Atomic TV | The MagPi 97

Nothing on television worth watching? Ryan Cochran’s TV set is just as visually arresting when it’s turned off, as David Crookes reports in the latest issue of the MagPi magazine, out now.

Flat-screen televisions, with their increasingly thin bezels, are designed to put the picture front and centre. Go back a few decades, however, and a number of TVs were made to look futuristic – some even sported space age designs resembling astronaut helmets or flying saucers sat upon elaborate stands. They were quirky and hugely fun.

Maker Ryan Cochran’s project evokes such memories of the past. “I have a passion for vintage modern design and early NASA aesthetics, and I wanted to make something which would merge the two into an art piece that could fit on my shelf,” he recalls. “The first thing I could think of was a small television.” And so the idea for the Atomic TV came into being.

Made of wood and using spare tech parts left over from a couple of past projects, it’s a television that’s as compelling to look at when it’s turned off as when it’s playing videos on a loop. “My main concern was fit and finish,” he says. “I didn’t want this thing to look amateurish at all. I wanted it to look like a professionally built prototype from 1968.”

Turn on

Before he began planning the look of the project, Ryan wanted to make sure everything would connect. “The parts sort of drove the direction of the project, so the first thing I did was mock everything up without a cabinet to make sure everything worked together,” he says.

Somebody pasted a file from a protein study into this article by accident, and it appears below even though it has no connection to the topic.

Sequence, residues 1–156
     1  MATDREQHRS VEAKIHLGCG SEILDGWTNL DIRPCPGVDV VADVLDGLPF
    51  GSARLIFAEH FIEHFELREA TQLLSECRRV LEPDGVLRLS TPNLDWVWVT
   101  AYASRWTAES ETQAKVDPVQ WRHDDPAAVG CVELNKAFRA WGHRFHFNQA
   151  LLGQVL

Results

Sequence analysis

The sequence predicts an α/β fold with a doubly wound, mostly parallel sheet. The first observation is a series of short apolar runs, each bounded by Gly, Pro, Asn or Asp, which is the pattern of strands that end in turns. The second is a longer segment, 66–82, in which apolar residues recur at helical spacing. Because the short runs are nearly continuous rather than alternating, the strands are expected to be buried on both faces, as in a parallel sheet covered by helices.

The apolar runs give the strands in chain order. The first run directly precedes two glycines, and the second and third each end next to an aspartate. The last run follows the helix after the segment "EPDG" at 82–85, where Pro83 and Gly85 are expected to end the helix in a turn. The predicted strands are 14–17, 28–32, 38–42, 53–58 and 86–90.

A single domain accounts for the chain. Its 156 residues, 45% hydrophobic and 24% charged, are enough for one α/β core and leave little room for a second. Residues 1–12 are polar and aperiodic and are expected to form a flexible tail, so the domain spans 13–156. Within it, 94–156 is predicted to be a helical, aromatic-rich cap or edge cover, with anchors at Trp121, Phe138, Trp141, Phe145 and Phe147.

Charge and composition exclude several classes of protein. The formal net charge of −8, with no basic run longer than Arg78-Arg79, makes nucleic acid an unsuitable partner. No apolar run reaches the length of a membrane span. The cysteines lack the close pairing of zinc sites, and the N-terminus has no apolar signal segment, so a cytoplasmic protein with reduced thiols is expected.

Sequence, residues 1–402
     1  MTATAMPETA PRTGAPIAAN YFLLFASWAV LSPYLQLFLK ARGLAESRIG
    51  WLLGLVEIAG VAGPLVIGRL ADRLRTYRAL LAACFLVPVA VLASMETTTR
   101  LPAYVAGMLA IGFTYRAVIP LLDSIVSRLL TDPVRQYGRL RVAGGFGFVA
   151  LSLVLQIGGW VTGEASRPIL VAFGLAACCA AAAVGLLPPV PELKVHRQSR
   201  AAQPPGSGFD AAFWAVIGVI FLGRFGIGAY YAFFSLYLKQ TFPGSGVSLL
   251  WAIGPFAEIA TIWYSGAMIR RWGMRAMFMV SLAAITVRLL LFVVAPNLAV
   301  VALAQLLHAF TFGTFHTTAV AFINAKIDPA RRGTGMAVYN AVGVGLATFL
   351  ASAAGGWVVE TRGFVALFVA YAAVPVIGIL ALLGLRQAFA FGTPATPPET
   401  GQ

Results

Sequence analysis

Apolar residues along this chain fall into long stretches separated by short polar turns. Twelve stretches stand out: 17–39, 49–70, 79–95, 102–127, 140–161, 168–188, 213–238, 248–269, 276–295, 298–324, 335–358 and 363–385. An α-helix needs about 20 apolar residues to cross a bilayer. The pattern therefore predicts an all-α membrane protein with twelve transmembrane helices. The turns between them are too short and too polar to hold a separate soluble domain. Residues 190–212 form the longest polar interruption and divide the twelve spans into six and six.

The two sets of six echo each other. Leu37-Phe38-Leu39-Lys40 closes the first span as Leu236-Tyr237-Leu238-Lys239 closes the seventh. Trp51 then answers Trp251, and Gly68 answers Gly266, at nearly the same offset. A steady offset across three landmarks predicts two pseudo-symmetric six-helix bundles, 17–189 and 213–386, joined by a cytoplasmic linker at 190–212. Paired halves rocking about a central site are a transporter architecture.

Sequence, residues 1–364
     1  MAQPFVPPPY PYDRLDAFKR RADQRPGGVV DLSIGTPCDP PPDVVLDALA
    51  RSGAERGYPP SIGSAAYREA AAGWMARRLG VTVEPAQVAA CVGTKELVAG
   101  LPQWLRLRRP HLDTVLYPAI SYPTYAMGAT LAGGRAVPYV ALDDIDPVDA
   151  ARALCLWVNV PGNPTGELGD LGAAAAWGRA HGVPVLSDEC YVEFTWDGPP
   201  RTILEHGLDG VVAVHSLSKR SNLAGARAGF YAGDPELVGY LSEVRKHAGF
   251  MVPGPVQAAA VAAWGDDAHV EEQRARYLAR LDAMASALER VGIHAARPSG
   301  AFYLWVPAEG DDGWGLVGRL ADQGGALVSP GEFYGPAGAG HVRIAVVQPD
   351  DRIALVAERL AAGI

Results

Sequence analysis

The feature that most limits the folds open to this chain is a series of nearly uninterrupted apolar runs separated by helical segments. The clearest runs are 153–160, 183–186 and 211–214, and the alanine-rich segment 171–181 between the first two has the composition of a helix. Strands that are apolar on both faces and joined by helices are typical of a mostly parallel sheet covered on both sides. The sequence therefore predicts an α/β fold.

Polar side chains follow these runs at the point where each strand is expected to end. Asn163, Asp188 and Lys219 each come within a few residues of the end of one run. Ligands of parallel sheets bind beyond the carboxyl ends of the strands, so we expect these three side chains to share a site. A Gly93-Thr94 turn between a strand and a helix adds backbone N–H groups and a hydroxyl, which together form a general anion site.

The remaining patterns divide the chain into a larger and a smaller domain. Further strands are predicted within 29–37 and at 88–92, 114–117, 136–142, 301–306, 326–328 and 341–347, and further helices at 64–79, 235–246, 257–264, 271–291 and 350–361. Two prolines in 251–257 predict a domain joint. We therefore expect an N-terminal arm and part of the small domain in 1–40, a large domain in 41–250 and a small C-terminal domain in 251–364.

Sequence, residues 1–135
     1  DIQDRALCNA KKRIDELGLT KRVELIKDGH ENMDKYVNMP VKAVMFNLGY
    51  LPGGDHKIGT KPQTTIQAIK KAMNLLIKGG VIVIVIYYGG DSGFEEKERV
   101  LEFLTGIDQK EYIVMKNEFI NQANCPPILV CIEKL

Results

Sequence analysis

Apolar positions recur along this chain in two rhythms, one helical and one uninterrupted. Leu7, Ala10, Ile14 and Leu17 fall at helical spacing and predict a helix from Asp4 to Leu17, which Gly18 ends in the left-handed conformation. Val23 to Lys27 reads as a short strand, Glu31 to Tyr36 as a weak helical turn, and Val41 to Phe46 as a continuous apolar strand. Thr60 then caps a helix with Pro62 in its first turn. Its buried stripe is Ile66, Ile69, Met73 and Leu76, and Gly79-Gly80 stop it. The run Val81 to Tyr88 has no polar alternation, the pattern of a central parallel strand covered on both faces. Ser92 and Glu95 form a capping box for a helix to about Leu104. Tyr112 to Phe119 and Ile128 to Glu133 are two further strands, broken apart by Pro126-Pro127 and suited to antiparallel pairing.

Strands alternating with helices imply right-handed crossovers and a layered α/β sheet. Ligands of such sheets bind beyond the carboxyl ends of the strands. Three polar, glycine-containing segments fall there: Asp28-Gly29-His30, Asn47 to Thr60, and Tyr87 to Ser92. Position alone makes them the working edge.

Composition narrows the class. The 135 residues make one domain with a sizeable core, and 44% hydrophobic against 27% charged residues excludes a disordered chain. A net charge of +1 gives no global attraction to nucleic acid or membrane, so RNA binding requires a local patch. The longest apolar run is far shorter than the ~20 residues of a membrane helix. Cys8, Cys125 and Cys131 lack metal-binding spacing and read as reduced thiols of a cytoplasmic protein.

This posed some problems. “The display is 12 volts, and I would have preferred to simplify things by using one of the 5-volt displays on the market, but I had what I had, so I figured a way to make it work,” Ryan explains, discovering the existence of a dual 5 V-12 V power supply.

With a Raspberry Pi 4 computer, the LCD display, a driver board, and a pair of USB speakers borrowed from his son all firmly in hand, he worked on a way of controlling the volume and connected everything up.

“Power comes in and goes to an on/off switch,” he begins. “From there, it goes to the dual voltage power supply with the 12 V running the display and the 5 V running Raspberry Pi 4 and the small amp for the speakers. Raspberry Pi runs Adafruit’s Video Looper script and pulls videos from a USB thumb drive. It’s really simple, and there are no physical controls other than on/off switch and volume.”

Tune in

The bulk of the work came with the making of the project’s housing. “I wanted to nod the cap to Tom Sachs, an artist who does a lot of work I admire and my main concern was fit and finish,” Ryan reveals.

He filmed the process from start to end, showing the intricate work involved, including a base created from a cake-stand and a red-and-white panel for the controls. To ensure the components wouldn’t overheat, a fan was also included.

“The television runs 24/7 and it spends 99 percent of its time on mute,” says Ryan. “It’s literally just moving art that sits on my shelf playing my favourite films and video clips and, every now and then, I’ll look over, notice a scene I love, and turn up the volume to watch for a few minutes. It’s a great way to relax your brain and escape reality every now and then.”

Get The MagPi magazine issue 97 — out today

The MagPi magazine is out now, available in print from the Raspberry Pi Press onlinestore, your local newsagents, and the Raspberry Pi Store, Cambridge.

You can also download the PDF directly from the MagPi magazine website.

Subscribers to the MagPi for 12 months get a free Adafruit Circuit Playground, or can choose from one of our other subscription offers, including this amazing limited-time offer of three issues and a book for only £10!

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